David Osbaldeston, Reconfiguration Series, 2015 Courtesy the artist and Matt’s Gallery, London

David Osbaldeston, Reconfiguration Series, 2015 Courtesy the artist and Matt’s Gallery, London

Modern History Vol. II
The Atkinson, Southport
18 August – 8 November 2015
Preview: 5 September,

Modern History Vol. III
Bury Art Museum & Sculpture Centre,
Greater Manchester
19 September – 21 November 2015
Preview: 18 September,

Modern History Vols. II and III are distinct group exhibitions, guest curated by internationally respected curator Lynda Morris, who has selected new commissions and existing works by national and international contemporary artists based in the North West. By taking the theme of ‘Modern History’, the exhibitions offer perspectives on cultural, social, and political change, from artists across different generations, with works reflecting on local and global issues, largely post-1969 to the present day.

Artists featured in Modern History Vol. II are: Stuart Bastik and Maddi Nicholson (Art Gene), Nina Chua, John Davies, Martin Hamblen, Margaret Harrison, Lubaina Himid, Tom Ireland, Sarah McGurk, David Osbaldeston, Christine Physick, and Natalie Wardle.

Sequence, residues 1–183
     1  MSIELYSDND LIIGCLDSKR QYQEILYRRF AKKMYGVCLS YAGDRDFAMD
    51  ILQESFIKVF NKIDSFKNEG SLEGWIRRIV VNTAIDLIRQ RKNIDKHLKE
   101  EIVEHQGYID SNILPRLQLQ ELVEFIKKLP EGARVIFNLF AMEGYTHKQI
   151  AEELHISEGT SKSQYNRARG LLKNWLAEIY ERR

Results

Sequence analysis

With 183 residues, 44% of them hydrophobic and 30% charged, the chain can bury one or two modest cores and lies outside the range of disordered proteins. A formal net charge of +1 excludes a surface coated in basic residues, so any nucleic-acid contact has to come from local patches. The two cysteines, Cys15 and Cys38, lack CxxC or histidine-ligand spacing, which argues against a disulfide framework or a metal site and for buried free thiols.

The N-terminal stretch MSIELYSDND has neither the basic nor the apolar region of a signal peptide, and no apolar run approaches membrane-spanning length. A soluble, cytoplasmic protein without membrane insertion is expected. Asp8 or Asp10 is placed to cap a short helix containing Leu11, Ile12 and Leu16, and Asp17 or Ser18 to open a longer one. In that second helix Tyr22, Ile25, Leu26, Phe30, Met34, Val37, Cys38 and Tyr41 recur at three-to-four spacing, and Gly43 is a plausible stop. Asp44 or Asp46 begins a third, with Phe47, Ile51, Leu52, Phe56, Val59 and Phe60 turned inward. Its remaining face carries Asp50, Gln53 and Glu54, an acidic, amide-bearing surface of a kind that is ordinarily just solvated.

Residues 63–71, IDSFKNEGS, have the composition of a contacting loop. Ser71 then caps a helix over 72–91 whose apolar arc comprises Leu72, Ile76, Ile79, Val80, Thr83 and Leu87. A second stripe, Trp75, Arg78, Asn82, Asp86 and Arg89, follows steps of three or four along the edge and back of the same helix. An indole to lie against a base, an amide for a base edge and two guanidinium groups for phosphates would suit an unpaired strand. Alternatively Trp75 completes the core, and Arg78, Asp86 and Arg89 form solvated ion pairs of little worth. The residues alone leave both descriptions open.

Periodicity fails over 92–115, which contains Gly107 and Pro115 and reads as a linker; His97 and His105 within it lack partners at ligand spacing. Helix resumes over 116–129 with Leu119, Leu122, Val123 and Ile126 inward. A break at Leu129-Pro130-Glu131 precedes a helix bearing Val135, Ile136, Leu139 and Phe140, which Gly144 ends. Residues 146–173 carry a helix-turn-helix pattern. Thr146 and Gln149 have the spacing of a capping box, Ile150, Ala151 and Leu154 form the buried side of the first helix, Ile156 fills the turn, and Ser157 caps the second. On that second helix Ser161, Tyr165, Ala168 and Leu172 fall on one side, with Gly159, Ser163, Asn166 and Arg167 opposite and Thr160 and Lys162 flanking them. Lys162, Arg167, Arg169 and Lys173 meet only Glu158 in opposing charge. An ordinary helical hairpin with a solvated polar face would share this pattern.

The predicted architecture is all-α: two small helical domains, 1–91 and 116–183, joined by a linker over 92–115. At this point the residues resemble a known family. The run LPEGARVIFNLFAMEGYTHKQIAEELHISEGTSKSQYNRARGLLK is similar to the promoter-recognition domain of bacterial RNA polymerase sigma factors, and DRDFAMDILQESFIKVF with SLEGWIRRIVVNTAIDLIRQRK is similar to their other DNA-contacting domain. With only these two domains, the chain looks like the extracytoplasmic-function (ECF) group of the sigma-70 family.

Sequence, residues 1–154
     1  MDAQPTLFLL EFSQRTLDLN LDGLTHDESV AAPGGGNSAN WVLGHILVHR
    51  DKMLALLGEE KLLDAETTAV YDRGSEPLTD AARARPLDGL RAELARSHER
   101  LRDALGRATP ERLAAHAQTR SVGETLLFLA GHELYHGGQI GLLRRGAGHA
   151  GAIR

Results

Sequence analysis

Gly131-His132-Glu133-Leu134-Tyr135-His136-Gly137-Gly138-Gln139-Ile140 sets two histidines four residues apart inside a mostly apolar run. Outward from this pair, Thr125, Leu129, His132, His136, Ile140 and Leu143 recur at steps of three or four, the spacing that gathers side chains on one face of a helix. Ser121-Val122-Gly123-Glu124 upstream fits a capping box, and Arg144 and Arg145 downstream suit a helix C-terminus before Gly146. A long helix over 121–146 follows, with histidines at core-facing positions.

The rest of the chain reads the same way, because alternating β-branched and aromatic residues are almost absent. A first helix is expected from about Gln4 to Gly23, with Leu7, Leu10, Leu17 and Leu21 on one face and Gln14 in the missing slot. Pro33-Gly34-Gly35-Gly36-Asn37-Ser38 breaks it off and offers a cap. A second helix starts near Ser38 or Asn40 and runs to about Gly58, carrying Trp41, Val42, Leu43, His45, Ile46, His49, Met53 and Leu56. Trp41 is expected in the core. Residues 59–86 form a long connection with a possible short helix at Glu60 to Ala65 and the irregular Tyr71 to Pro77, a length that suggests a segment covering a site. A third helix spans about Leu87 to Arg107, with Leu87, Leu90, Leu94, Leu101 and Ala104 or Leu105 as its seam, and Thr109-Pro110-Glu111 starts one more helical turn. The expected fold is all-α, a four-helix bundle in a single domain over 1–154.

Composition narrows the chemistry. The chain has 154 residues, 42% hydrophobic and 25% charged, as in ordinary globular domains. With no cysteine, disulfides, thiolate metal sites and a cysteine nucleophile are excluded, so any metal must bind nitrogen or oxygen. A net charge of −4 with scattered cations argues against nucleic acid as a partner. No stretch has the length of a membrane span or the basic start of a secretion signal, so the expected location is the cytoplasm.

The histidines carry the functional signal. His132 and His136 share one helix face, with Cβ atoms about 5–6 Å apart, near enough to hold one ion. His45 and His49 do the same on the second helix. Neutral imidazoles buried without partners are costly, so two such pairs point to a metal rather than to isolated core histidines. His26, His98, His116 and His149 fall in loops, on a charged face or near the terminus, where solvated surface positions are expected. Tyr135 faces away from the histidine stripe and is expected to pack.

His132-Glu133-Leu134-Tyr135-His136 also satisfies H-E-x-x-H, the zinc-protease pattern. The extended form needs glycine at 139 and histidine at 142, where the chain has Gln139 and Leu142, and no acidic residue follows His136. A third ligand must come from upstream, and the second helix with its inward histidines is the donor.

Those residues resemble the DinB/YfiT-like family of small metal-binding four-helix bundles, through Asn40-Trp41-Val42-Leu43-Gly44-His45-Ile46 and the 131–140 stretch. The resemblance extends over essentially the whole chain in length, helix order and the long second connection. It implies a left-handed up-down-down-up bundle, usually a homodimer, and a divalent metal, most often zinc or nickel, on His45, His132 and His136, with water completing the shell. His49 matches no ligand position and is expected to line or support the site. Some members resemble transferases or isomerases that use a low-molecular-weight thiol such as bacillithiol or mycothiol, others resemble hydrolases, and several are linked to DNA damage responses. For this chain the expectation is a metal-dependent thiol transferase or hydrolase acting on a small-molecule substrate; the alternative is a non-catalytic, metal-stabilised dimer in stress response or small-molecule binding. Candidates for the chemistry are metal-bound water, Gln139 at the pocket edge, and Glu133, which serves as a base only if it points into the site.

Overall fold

Artists featured in Modern History Vol. III are: Conrad Atkinson, Michael Butterworth, Tim Dunbar, Leo Fitzmaurice, Gaby Higgs & Bill Halliwell presented by Matthew Higgs, Lubaina Himid, Tom Lambe, Rory Macbeth, Sam Mullin, Craig Oldham, David Osbaldeston, Emma Rushton and Derek Tyman, Paul Scott, Magda Stawarska-Beavan, Grizedale Arts - The Politics of Craft, and archival material from the collection of Professor Jim Aulich.

Modern History Vol. II focuses on the body politic, landscape and urban space (from the regional to international, the personal to the political), with works presented in a range of media including ceramics, film, painting, photography, and sculpture. Modern History Vol. III
addresses national and international, social and political issues post-1969, and features archival material, design and text-based works, alongside animation and film, crafts, drawing, painting, photography, and sculpture. While not definitive in their survey of contemporary art in the North West right now, the exhibitions aim to present a microcosm of certain dialogues currently occurring in the region, articulating how these are intertwined with the world today and its pressure points.

Modern History Vols. II and III complete a series of three exhibitions, which promote the talent of contemporary artists living and working in the North West. The exhibitions will be accompanied by a programme of events.

Initiated by Contemporary Visual Arts Network North West (CVAN NW), the Modern History exhibition series forms part of a wider programme of activity focused on supporting artists and developing audiences for contemporary visual art in the North West and beyond.

Supported by the National Lottery through Arts Council England with additional support from Lancashire County Council, University of Salford, Manchester School of Art and CVAN NW network members.